Jet or shock breakout? The low-luminosity GRB 060218

Christopher M. Irwin*, Roger A. Chevalier

*Corresponding author for this work

Research output: Contribution to journalArticlepeer-review


We consider a model for the low-luminosity gamma-ray burst GRB 060218 that plausibly accounts for multiwavelength observations to day 20. The model components are: (1) a long-lived (tj ~ 3000 s) central engine and accompanying low-luminosity (Lj ~ 1047 erg s-1), mildly relativistic (γ ~ 10) jet; (2) a low-mass (~4 × 10-3 M) envelope surrounding the progenitor star; and (3) a modest amount of dust (AV ~ 0.1 mag) in the circumstellar or interstellar environment. Blackbody emission from the transparency radius in a low-power jet outflow can fit the prompt thermal X-ray emission, and the non-thermal X-rays and gamma-rays may be produced via Compton scattering of thermal photons from hot leptons in the jet interior or the external shocks. The later mildly relativistic phase of this outflow can produce the radio emission via synchrotron radiation from the forward shock. Meanwhile, interaction of the associated SN 2006aj with a circumstellar envelope extending to ~1013 cm can explain the early optical emission. The X-ray afterglow can be interpreted as a light echo of the prompt emission from dust at ~30 pc. Our model is a plausible alternative to that of Nakar, who recently proposed shock breakout of a jet smothered by an extended envelope as the source of prompt emission. Both our results and Nakar's suggest that bursts such as GRB 060218 may originate from unusual progenitors with extended circumstellar envelopes, and that a jet is necessary to decouple the prompt emission from the supernova.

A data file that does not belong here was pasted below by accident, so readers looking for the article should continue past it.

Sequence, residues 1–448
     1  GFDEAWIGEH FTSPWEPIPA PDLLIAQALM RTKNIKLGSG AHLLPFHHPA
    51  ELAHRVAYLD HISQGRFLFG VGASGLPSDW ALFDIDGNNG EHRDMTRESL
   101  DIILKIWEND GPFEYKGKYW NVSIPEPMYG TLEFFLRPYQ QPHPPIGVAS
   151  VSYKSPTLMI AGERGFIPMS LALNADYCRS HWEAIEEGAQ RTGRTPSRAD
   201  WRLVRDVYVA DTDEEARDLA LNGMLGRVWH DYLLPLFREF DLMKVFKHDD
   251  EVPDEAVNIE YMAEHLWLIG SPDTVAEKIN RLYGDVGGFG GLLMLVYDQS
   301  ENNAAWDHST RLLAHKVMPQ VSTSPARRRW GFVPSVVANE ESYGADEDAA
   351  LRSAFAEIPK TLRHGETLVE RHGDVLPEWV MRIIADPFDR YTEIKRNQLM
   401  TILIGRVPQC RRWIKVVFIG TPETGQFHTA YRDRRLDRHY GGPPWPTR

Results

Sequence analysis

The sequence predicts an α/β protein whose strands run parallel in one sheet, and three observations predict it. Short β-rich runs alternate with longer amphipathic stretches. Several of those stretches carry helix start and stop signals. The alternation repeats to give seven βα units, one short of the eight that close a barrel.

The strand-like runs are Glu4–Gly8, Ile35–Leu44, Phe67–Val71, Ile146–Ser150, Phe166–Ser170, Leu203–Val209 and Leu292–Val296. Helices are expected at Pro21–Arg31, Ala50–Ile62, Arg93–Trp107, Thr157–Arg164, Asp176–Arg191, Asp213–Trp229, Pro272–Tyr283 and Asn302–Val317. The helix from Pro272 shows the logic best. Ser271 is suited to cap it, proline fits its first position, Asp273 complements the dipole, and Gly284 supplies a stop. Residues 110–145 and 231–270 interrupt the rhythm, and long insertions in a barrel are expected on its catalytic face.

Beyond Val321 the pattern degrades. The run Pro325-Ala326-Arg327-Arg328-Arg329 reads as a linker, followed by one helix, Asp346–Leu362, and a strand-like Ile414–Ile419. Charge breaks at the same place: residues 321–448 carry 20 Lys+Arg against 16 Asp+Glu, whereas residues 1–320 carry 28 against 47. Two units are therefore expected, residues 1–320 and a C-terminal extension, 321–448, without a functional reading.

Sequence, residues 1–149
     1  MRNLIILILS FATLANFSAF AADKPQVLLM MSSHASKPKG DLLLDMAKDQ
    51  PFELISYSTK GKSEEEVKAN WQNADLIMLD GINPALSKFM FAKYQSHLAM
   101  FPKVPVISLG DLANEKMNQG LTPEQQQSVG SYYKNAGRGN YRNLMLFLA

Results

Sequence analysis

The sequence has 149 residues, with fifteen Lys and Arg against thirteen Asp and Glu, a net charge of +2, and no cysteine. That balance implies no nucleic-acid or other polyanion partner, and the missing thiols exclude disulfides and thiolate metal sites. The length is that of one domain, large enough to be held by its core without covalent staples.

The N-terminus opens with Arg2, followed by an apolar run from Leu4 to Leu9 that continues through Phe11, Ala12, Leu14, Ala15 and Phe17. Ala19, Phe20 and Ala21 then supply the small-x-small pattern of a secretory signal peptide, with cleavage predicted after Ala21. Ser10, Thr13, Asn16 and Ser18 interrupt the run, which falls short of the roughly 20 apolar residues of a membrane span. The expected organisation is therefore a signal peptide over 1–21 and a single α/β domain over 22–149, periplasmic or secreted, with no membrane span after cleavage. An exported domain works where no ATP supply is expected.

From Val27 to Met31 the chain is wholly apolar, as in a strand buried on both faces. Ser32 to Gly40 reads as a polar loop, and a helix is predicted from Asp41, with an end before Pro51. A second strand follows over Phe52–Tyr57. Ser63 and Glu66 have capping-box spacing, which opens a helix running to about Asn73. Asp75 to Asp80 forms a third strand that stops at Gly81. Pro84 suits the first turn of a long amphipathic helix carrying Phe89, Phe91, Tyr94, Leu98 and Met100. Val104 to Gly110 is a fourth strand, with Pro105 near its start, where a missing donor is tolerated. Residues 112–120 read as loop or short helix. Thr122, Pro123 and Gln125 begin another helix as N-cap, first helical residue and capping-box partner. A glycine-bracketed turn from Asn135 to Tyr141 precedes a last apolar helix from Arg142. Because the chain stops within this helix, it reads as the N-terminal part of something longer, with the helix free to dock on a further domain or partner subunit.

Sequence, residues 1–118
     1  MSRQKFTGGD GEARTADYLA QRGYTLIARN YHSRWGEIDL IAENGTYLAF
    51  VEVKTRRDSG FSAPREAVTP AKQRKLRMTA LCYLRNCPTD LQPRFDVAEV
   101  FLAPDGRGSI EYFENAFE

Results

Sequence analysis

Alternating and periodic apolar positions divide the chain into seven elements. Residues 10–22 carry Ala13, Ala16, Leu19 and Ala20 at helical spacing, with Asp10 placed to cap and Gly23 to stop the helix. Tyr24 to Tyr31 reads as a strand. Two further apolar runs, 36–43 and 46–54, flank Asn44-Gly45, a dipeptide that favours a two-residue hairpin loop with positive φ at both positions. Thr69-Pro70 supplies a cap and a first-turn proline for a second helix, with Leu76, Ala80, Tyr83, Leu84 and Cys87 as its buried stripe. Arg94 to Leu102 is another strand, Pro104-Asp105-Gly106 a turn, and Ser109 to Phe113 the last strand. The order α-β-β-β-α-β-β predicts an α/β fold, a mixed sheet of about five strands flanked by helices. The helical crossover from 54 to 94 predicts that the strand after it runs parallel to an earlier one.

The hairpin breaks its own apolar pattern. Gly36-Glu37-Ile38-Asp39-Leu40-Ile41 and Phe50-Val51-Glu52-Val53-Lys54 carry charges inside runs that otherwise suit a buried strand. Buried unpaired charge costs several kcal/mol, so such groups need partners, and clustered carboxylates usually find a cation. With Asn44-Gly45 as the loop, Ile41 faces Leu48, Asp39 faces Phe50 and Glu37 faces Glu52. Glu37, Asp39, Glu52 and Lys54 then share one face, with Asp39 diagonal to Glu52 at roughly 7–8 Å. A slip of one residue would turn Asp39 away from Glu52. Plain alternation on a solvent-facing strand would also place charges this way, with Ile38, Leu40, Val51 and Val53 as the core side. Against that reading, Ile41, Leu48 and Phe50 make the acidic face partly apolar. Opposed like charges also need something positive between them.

Original languageEnglish
Pages (from-to)1680-1704
Number of pages25
JournalMonthly Notices of the Royal Astronomical Society
Issue number2
StatePublished - 1 Aug 2016
Externally publishedYes


  • circumstellar matter
  • hydrodynamics
  • shock waves
  • stars: mass-loss


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